These are made from a wide verity of plants, including deciduous types, conifers, and broad-leaved evergreens. Cuttings of deciduous plants are taken during the dormant season. Those of some plants are taken in the fall, packed in moist insulating material, and stored at a temperature of 40 Degree F or less. These cuttings are usually placed in the bed about minded; this, however is not essential to rooting. Instead of the procedure just outlined cuttings of some deciduous plants are taken and planted in late winter, shortly before they would normally resume growth. Deciduous cuttings may be made from 4to 12 inches long, depending on the kind of plant. Usually one-year-old wood is used, but to make the top cut slightly above a node and the lower cut slightly below a node. Various kinds of cuttings show differe3nt responses with regard to the point of origin of roots; but the dessert tissue in the vicinity of the node is thought to be of value in preventing drying out or decay of the wood. Deciduous hardwood cuttings are not highly perishable, but they should be protected at all times to times to prevent them from becoming dry.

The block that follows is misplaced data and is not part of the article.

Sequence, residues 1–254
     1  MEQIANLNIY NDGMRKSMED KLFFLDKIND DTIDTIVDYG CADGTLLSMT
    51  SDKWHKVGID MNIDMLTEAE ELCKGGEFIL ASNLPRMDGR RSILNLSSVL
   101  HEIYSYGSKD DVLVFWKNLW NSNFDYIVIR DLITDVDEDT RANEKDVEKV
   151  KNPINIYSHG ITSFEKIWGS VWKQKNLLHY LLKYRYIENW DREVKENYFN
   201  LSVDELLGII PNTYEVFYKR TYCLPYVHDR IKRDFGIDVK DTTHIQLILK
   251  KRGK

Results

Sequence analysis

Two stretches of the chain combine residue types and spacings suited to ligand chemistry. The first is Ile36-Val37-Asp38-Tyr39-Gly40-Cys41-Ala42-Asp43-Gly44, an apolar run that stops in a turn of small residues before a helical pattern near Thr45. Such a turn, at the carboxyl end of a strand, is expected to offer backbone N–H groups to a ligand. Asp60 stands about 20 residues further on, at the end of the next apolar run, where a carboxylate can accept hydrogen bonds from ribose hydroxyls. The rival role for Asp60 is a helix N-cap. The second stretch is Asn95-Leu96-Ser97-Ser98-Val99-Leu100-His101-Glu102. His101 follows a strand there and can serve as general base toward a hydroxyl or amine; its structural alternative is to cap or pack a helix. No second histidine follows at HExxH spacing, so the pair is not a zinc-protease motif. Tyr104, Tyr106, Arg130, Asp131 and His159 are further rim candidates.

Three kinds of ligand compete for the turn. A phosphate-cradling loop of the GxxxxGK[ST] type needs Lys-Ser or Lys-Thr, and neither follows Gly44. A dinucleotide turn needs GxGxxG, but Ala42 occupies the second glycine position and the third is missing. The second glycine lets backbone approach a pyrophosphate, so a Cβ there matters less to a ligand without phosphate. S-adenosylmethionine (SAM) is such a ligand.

Many species of plants may be propagated by hardwood cuttings set directly in the nursery row. Grape, fig, and rose are commonly propagated in this manner. Rooting is determined partly by the type of soil in which they are planted; sandy loam soil that is well derived is preferred. In order to ensure good aeration, cuttings are frequently planted Jon high beds. In a heavy clay soil in Oregon, grape cuttings rooted well when setr in holes made with an iron bar and filled with sand. Hardwood cuttings include also those made from mature wood of conifer. Cuttings of such plants are made 4to6 inches long with foliage removed  from the lower portion of the  stem. As the cuttings form roots, new shoots also form, and this top growth is an indication that the cutting is ready to be moved . The customary procedure is to pot the roared plants an drown them in the pots for one season before moving them to the field. Some of the arborvitaes root within 2or 3 months; junipers frequently require 6 months or even longer. Several broad-leaved evergreen plants are grown from hard-wood cuttings. The cuttings of certain citrus species, for example, are made4 to 7 inches long with five or six nodes, from mature terminal growth. Leavers are removed from the lower part of the stem, but two or more are left at the top .As with other types of cuttings, it is important that cutting material be obtained from healthy, vigorous-growing trees. Orange, grapefruit, lemon, American holly, yaupon, and several species of Ligature are examples of board-leaved evergreens that may be propagated by hardwood cuttings.